Mad Money

Cramer Remix: Wall Street’s big problem with IBM’s stock

Key Points
  • "Mad Money" host Jim Cramer clarifies what money managers are expecting from tech giant IBM in order for the stock to be successful.
  • Cramer also sits down with the CEOs of CyrusOne and Revance Therapeutics.
  • In the lightning round, Cramer blesses a company that he says has been a buy for over a decade.
Cramer Remix: Wall Street’s big problem with IBM’s stock

CNBC's Jim Cramer has found one surefire way to boost your stock on a tepid day like Wednesday: say you're making investments in technology to make your company more efficient.

"Just look at the stock of Home Depot," the "Mad Money" host said. "[It] announced this morning that it's hiring 1,000 technical professionals as part of its $11 billion strategic investment plan, and [its stock] was rewarded with a nearly 3 percent rally."

Cramer saw the trend stretching beyond Home Depot. He said IBM's stock slid 7 percent on Wednesday after its earnings beat because half of the company has the wrong tech.

Forty-seven percent of IBM's business is "right," he acknowledged: it focuses on the cloud, blockchain, cybersecurity and artificial intelligence.

But IBM's incumbent businesses have money managers worried, so much so that they think IBM's spending patterns could stymie its growth trajectory.

"These money managers are all about identifying companies with the best growth prospects," Cramer said. "As far as they're concerned, IBM's big dividend is a big red flag. It's a sign that the company doesn't have the opportunities or the DNA, perhaps, to invest in the future, even as IBM spends a fortune on R&D."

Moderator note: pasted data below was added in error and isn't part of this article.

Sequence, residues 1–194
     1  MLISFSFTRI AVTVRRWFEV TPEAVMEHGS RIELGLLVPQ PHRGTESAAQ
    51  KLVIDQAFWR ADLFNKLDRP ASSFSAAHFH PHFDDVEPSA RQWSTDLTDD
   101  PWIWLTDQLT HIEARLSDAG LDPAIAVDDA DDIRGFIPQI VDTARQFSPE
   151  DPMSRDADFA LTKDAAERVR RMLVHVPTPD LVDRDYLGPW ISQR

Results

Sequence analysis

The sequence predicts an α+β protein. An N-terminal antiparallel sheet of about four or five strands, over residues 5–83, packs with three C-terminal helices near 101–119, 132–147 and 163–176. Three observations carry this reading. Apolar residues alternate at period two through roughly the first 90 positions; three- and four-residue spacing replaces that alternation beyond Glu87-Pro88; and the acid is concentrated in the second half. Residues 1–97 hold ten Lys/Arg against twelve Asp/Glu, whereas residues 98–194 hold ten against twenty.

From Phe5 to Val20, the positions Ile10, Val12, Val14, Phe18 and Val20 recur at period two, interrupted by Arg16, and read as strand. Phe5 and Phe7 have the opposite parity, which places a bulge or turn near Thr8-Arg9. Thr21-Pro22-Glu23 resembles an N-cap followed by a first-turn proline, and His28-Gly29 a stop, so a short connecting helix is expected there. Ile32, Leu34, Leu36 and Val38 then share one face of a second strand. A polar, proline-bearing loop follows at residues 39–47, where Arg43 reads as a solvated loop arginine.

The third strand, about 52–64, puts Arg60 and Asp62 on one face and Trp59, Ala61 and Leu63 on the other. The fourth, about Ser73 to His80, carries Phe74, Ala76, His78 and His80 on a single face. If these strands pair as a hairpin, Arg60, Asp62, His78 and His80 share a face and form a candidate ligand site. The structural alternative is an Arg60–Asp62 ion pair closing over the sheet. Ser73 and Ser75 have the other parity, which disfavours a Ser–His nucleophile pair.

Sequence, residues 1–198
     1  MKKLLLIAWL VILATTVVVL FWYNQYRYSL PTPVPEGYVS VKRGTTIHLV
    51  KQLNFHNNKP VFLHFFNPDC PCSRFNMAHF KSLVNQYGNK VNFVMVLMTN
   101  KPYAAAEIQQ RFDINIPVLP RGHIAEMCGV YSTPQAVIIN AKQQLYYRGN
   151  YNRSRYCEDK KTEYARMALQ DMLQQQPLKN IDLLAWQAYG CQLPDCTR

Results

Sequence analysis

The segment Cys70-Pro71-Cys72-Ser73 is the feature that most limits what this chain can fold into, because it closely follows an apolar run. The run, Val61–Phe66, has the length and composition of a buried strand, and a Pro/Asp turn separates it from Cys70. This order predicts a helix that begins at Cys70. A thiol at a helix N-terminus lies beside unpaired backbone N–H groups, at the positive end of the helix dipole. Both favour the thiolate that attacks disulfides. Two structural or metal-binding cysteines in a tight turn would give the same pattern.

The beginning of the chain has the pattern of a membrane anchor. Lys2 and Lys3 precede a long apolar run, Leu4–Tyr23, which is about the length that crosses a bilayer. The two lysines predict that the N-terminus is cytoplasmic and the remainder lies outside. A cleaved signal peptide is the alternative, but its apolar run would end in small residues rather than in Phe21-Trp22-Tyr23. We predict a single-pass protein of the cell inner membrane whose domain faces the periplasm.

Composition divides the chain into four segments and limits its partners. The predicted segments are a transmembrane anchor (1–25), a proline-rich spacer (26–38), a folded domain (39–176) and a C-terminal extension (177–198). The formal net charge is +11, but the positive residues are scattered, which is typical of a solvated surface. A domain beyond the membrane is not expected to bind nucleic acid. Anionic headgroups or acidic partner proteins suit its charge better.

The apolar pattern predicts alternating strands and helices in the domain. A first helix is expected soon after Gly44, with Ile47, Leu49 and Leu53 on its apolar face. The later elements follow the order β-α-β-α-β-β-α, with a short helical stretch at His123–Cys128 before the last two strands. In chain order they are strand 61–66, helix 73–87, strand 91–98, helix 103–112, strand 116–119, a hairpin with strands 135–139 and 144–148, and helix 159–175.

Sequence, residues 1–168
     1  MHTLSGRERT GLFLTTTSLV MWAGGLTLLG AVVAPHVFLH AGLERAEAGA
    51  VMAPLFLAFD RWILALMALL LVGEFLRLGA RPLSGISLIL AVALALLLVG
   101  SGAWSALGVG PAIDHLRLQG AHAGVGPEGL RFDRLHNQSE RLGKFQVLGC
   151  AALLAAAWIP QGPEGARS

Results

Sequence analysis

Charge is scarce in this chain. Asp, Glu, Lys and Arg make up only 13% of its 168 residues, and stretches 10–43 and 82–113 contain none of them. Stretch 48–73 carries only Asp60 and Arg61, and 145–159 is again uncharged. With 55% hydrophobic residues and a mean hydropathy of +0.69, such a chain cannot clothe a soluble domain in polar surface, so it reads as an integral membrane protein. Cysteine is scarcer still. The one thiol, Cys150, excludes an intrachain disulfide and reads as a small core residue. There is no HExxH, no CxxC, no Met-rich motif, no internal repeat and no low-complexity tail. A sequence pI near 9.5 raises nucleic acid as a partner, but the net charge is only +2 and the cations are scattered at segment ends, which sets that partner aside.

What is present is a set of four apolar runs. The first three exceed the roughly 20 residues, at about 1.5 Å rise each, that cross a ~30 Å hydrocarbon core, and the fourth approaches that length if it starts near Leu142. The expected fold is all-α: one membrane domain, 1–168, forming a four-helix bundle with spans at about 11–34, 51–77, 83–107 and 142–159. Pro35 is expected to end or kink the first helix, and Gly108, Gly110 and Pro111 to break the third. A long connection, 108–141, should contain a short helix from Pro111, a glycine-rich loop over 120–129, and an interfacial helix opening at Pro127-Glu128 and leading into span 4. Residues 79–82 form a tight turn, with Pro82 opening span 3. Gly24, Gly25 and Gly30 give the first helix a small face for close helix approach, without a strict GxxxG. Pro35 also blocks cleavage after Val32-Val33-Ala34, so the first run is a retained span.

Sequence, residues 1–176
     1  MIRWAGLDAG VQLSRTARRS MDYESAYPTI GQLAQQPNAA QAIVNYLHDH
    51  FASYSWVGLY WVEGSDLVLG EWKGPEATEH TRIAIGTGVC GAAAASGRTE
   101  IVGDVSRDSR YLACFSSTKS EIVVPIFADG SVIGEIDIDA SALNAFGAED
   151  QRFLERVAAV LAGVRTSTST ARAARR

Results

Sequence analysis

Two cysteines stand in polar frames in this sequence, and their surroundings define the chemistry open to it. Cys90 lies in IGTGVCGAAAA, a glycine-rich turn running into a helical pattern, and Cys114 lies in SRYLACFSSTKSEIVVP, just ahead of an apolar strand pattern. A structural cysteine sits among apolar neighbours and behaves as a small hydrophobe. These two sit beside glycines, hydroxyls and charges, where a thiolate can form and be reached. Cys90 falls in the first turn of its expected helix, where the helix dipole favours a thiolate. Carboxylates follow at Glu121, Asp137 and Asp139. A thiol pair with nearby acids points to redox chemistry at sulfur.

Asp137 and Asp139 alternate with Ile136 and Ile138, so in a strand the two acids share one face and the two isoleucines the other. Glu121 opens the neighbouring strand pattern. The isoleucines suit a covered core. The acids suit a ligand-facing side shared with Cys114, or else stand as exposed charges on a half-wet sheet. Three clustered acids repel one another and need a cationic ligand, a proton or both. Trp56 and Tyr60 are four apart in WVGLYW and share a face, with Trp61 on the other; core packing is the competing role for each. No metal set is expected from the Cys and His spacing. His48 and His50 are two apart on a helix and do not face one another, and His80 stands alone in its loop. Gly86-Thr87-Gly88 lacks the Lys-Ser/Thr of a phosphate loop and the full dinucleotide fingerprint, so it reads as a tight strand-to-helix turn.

The collapse of Acacia

Buchachon | Getty Images

The major averages may be having a strong week, but CNBC's Jim Cramer also noticed a big collapse that needed to be addressed: the pain in the stock of Acacia Communications.

Shares of Acacia lost 35 percent of their value on Monday after the Commerce Department ruled to ban U.S. companies from selling components to Chinese phone equipment company ZTE for seven years.

"Here's what drives me nuts about this story. We've known this was a risk all along, people," the Cramer said.

Acacia, an optical networking equipment maker, came public in 2016. In 2017, the company got roughly 70 percent of its sales from just five companies, with nearly a third coming from ZTE.

"Do not get me wrong, it is fine to speculate in high-risk stocks — you know I think that way, although I haven't liked Acacia for quite some time — but if you're going to take that kind of chance, at the very least, you need to be aware of the risks you're facing," Cramer said.

With that in mind, Cramer went over the warning signs he saw over the years that culminated in Acacia's massive Monday drop.

Bucking Wall Street's bank thesis

Bank customers use ATMs at a Chase Bank branch in New York City.
Getty Images

Cramer sees a thesis building that loan growth is stagnant, loan demand is collapsing and the banks are unwilling to lend — and he isn't buying it.

"That's the downbeat consensus investors have cobbled together over the last few days after hearing from all the big banks and no one's bothering to dispute it," the "Mad Money" host said. "That's why the bank stocks have stalled and are going lower."